Wednesday, October 27, 2021

Greece rejects EU proposal to keep border tracking

Greece has rejected a request by the European Union to establish an independent process for border controls and monitoring of illegal migration.

The Greek snub is said to have infuriated Brussels, which has been fiercely critical of Athens’ alleged illegal practice of migrant pushback. The rejection could risk millions of dollars in financial aid that Greece needs to enhance its capabilities to curb illegal migration. This is especially true as Europe prepares for a wave of Afghan migrants moving west after the Taliban takeover.

Asked in parliament, Greek Migration Minister Nots Mittarakis offered a scathing response about whether he would allow the EU to set up an independent watchdog to oversee border controls and illegal migration.

He said that while the government in Athens was open to discussing the formation of independent monitoring committees on migration to the EU, Greece alone was not prepared, as he called it to “go it alone”.

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Miterakis said creating a watchdog that would monitor how Greece is stopping illegal migrants and whether illegal pushback is taking place is not among the government’s priorities.

There is no such issue, he insisted. He stressed that it is Greece’s sovereign right to defend its border as it sees fit.

Greece has increased patrols along the Aegean Sea coast and erected a massive steel wall along its land borders with Turkey to prevent a fresh influx of migrants.

Greek leaders are also considering setting up a floating barrier along the Aegean waterway that divides Greece and Turkey. And with a new migrant exodus forced out of western Afghanistan, Athens says it is preparing a major media blitz to find that it is no longer allowing illegal entries free passage.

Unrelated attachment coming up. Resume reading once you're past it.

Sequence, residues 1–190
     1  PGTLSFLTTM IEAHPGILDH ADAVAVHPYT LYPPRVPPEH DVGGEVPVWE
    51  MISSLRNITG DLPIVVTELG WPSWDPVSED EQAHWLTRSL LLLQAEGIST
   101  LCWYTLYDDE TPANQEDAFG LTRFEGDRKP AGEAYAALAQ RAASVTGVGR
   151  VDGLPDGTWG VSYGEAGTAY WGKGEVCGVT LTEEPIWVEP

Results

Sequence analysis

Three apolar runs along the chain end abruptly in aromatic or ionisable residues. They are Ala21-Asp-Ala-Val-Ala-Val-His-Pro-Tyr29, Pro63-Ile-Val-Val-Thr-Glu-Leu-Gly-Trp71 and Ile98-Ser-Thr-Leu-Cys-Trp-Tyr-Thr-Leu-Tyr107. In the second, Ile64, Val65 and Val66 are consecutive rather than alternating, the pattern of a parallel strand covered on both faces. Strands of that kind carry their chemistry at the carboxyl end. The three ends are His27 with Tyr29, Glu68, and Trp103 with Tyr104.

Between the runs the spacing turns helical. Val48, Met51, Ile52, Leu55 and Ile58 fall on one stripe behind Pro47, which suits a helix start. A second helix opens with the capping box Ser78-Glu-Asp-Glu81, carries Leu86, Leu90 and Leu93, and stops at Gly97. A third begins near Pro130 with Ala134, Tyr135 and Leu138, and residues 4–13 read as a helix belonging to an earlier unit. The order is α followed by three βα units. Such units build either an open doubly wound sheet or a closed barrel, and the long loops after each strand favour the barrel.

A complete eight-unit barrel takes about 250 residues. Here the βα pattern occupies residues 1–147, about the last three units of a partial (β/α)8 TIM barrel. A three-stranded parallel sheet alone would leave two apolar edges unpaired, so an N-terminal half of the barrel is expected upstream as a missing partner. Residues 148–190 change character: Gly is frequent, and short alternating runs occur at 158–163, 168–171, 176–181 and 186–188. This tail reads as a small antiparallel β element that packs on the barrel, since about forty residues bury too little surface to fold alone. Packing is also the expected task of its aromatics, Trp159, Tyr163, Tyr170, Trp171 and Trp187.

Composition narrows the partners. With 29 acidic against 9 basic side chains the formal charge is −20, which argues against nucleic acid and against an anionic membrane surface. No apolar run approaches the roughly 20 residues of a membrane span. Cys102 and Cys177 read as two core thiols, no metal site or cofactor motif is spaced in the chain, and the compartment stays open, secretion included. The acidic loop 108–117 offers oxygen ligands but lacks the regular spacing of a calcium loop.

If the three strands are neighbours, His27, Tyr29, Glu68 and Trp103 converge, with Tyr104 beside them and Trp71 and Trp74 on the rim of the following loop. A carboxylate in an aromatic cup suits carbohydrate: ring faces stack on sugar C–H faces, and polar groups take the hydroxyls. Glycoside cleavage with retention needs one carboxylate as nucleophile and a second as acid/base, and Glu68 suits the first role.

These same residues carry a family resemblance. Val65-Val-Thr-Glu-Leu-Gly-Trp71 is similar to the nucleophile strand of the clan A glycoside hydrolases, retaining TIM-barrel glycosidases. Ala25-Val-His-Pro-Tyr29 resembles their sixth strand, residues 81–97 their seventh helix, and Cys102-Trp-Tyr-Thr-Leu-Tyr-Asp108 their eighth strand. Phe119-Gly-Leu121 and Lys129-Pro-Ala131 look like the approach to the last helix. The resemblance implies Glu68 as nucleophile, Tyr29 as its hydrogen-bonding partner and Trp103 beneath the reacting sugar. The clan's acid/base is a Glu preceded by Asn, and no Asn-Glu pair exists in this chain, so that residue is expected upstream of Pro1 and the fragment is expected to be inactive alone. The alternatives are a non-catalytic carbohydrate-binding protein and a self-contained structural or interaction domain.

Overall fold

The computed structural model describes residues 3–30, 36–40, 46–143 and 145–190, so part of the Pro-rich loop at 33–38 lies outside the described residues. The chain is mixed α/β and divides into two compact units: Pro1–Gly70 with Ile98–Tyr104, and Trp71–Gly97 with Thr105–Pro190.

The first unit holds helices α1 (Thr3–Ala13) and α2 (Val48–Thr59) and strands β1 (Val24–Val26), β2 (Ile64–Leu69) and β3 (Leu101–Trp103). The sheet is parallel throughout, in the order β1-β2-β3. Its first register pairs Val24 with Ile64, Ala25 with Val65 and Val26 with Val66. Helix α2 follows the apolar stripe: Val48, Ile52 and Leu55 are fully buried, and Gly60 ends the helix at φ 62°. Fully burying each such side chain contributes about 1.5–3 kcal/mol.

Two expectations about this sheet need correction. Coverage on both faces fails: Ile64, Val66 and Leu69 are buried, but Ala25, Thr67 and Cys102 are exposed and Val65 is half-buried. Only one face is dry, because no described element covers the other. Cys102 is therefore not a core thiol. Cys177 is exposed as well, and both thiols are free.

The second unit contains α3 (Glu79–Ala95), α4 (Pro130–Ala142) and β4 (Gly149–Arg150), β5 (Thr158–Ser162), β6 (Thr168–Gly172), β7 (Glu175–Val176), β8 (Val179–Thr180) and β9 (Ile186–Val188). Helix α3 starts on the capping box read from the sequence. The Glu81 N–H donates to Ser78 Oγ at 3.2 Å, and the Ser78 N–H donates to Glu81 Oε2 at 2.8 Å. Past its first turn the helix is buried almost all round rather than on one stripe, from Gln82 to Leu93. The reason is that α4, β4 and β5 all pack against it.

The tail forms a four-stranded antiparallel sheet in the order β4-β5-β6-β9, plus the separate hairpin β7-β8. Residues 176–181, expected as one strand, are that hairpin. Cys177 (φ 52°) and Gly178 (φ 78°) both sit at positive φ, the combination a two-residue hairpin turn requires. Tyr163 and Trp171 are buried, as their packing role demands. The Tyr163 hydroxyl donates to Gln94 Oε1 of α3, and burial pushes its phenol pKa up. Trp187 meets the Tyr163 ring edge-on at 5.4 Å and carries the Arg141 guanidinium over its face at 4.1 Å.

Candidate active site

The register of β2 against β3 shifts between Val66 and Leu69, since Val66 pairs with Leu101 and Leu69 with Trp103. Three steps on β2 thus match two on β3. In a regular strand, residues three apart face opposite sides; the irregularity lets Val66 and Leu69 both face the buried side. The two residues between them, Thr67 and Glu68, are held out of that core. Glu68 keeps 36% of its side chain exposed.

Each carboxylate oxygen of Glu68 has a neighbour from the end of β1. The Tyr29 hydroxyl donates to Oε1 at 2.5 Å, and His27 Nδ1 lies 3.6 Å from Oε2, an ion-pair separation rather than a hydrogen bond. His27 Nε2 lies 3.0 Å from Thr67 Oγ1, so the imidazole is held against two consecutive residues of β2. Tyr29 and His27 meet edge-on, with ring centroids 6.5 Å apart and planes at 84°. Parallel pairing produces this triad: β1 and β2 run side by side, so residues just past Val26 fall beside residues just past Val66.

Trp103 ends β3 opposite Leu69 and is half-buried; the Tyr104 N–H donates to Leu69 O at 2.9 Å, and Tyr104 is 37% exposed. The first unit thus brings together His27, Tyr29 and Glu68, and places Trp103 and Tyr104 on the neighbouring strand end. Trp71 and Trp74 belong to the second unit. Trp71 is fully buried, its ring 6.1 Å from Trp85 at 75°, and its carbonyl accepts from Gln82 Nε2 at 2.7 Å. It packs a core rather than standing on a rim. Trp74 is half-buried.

Reports from the United Nations, humanitarian aid organizations and migrants are documenting the growing number of migrants who are being turned away – often using nefarious practices such as “pushback”.

A police officer works inside an operations center in the Greek village of Nea Vais near the Greek-Turkish border on May 21, 2021.

Senior UN officials in Greece contacted by the VOA said at least 450 cases of illegal pushback had been documented this year – they say the cases have been submitted to a local prosecutor to investigate.

Support groups kept the numbers very high. Norwegian-based Aegean Boat Report, which counts such activity, said on Saturday that it has documented 700 pushbacks since March 20, 2020. A total of 19,200 people claim to have been chased away by authorities, either pulling their rafts out of Greek waters or stripping multiple times. Motors from their boats carry migrants and refugees into the sea.

Forcing migrants to move is a serious violation of international law, a violation of asylum seekers’ right to safe passage and protection.

Croatia, France, Spain and Italy – all EU member states that face similar migration challenges – have also been accused of engaging in illegal, sometimes violent pushback.

But in Greece, UN officials and aid groups warn that the practice is not only routine, it is also being conducted in a more ruthless manner – picking up migrants and refugees with masked agents, who illegally enter Greece. crossed in, and then thrown them back to life. The raft was taken across the Aegean Sea and sent back to Turkey.

The Taliban takeover of Afghanistan is sparking new waves of migration to the West, with aid agency officials telling the VOA they are concerned the illegal pushback could be excessive.

EU officials in Athens were not available for comment. But local media reported that immigration officials in Brussels were angry at Greece’s refusal to allow the monitors. Local media also reported that the European Union is ready to deposit $17.4 million in aid to help improve Greece’s coast guard with new equipment and ships.

Since coming to power in 2019, the centre-right government of Greece’s Prime Minister Kyriakos Mitsotakis has taken a tough stance on illegal migration – a policy that saw migrant flows drop by a dramatic 90% in that two-year period. Have seen

With the influx of Afghans steadily increasing, the government in Athens insists it will not give up – regardless of the cost.

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